Crow's-Feet Chronicles: All injuries are not in 'vain'
By Cindy Baker Burnett
Jan 1, 2018
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Years back, Lanny Joe and I decided to let the rookies have the roads on New Year’s Eve and spend a quiet evening watching rental movies. As we waited for our pizza-to-go, we looked at each other and I said, “Aren’t we fun?” 

It was amusing, even embarrassing, to look around at other couples who were hiding their faces and waiting on their pizzas. How sad it is to think that Ben-Gay, toenail clippers, and a good movie are ideal ingredients for a spine-thrilling New Year’s Eve gala. 

I wasn’t about to let that year's balmy weather knock us out of a fire in the fireplace. So, we cranked up the air conditioner and built a cozy fire. And, just as Ashley Judd and Morgan Freeman were rolling their car over the embankment and into the water in “High Crimes”, the phone rang. 

Lanny’s elderly mother Mildred had fallen in the bathroom and hit her head. She hated to bother us on New Year’s Eve, but she got no answer when she called 119! 

Lanny Joe and I quickly doused the fire, put the movie on pause, and jumped in the car.   The trip through the automatic doors to the hospital’s emergency room was one of many that evening. 

Being a lady of poise and pride, Mildred wasn’t about to be admitted to a hospital wearing her old robe---She sent me running to her house to get her new red Christmas robe.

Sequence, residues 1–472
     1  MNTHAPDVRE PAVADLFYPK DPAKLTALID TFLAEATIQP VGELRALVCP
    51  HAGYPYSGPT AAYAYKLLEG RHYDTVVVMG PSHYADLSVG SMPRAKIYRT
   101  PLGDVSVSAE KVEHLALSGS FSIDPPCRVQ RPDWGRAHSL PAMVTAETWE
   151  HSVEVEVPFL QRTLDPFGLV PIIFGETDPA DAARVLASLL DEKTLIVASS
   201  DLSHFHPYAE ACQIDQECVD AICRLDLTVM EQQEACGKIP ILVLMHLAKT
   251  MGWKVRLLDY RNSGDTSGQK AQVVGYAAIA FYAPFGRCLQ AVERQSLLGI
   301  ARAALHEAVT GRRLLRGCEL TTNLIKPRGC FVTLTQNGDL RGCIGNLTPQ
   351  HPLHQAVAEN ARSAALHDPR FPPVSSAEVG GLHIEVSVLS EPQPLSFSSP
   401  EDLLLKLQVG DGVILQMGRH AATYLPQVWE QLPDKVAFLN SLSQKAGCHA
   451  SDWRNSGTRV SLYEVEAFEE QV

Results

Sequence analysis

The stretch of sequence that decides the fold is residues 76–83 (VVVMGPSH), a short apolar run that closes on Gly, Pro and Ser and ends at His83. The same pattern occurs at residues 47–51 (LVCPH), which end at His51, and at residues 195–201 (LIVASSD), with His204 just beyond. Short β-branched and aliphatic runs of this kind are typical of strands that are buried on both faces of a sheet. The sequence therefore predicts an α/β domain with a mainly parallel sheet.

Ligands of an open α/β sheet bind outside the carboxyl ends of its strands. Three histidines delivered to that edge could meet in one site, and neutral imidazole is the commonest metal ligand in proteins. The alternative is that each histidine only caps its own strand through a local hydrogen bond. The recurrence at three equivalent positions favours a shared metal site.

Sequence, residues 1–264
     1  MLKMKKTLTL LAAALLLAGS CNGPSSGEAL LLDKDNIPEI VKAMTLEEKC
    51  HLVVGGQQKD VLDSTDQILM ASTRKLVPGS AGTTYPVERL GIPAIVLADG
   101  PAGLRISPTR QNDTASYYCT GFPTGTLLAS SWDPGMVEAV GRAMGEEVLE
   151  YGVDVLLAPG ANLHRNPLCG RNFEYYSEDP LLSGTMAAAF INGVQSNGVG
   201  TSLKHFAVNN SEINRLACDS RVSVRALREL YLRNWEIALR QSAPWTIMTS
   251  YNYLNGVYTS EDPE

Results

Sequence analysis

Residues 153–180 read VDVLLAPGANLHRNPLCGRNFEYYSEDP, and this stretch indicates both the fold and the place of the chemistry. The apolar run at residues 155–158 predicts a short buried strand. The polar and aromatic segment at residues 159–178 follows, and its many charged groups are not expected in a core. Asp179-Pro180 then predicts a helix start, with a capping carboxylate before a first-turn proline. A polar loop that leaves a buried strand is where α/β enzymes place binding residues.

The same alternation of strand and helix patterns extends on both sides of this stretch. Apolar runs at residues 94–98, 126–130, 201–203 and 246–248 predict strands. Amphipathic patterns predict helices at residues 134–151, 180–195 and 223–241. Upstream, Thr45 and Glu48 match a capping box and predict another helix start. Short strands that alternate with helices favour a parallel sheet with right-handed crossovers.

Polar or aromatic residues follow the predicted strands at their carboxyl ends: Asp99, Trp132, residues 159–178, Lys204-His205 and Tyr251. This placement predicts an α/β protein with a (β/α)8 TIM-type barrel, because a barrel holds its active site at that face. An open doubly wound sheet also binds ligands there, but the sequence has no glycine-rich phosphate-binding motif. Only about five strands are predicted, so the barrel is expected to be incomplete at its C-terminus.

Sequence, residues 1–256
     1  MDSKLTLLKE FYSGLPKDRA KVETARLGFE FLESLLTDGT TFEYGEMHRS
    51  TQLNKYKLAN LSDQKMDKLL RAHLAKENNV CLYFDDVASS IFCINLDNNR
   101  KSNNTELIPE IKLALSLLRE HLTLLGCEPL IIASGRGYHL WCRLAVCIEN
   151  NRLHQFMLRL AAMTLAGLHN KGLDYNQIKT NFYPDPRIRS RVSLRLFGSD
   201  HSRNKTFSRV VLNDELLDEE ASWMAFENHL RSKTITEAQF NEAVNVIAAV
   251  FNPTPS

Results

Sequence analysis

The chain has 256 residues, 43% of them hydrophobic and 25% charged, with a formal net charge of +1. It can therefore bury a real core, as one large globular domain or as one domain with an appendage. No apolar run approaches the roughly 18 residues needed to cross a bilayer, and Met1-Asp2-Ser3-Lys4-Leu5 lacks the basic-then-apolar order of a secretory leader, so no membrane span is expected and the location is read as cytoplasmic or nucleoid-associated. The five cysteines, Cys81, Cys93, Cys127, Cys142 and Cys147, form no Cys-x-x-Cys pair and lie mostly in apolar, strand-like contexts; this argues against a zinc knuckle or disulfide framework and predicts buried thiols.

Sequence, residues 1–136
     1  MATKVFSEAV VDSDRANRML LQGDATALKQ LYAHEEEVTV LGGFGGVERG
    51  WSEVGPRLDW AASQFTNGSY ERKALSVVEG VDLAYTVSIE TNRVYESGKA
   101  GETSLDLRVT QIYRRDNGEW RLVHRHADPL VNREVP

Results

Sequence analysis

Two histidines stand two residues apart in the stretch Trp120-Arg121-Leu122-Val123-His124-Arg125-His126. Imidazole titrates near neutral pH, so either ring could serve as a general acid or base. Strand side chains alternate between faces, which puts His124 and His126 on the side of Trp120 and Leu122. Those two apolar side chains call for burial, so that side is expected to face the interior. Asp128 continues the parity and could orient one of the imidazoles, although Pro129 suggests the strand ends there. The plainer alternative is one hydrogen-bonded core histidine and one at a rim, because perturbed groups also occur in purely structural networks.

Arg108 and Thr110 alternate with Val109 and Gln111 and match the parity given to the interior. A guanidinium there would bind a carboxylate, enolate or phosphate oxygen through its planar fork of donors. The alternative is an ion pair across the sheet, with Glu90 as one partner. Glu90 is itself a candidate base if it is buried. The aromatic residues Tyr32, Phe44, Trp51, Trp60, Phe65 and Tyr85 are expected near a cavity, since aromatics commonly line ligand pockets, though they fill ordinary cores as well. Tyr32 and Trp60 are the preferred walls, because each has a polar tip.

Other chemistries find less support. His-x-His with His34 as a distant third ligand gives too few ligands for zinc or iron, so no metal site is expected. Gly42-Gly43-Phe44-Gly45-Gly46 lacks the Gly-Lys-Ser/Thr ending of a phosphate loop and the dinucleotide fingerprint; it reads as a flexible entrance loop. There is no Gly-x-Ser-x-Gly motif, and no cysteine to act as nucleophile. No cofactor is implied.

Just as I entered the hospital with the robe she requested, she sighed, “Oh, Cindy, I wished I had told you to get my pearl ear screws.” 

“Do you think they’re really necessary, Mother?” inquired Lanny Joe innocently. 

“Go to your room!” she barked at Lanny in her schoolteacher tone. Looking at me sweetly, she purred, “Cindy, would you mind ever so much running back to my house and getting my earbobs?” 

I ran back outside, dodging the walking-wounded victims of careless fireworks, who were being brought in through the emergency entrance. I prayed I wouldn’t see anybody I knew because in my haste to find shoes to wear with my jogging suit, I opened a dark closet and later discovered that I had jumped into my rhinestone party shoes. Aauugghh! 

Out of breath, I ran back into the hospital with Mildred’s earrings. “Cindy, I can’t wear this peach nail polish with this red robe. Would you mind . . . ?” 

Sarcastically, Lanny Joe observed her bloodstained pillow and offered, “But, Mother, your polish matches the new copper highlights in your hair.” Mildred pursed her lips. 

Once again, I sprinted through the emergency room doors, only to collide with a stretcher carrying a maimed, but happy, drunk. “Oh, I’m sorry.” I said. 

“Thash okay. I’m jush here fo uh fwee eshtimate . . .estimash . . . oh, you know what I mean!. Ha-ha-ha-ha-ha!” (I knew he wouldn’t need painkillers for a while.) 

After examining Mildred, the doctor ignored her and proceeded to give Lanny Joe his evaluation. Mildred, a spunky retired schoolteacher, interrupted and said, “Doctor, do you do crossword puzzles?” “Yes, I do,” he replied. She then asked, “Do you do them with pencil or pen?” “Why, with a pencil,” replied the doctor. “Well, I do mine with a pen,” said Mildred. “So you can talk to me.” 

She agreed to stitches, but she refused to allow even one of her blue hairs to be snipped. This proved to be quite a challenge for the medical profession, but a teacher’s wrath can prompt untapped resources of creativity. 

Lanny and I sat in the waiting room while Mildred’s head was being sewn up, and we chuckled with our assessment that she should get the New Year’s Day headache-of-the-year award. 

At the stroke of midnight, Lanny hugged me and said, “Happy New Year, Cindy. Now . . . one of us needs to go back to the movie and find out if they got out of that car!”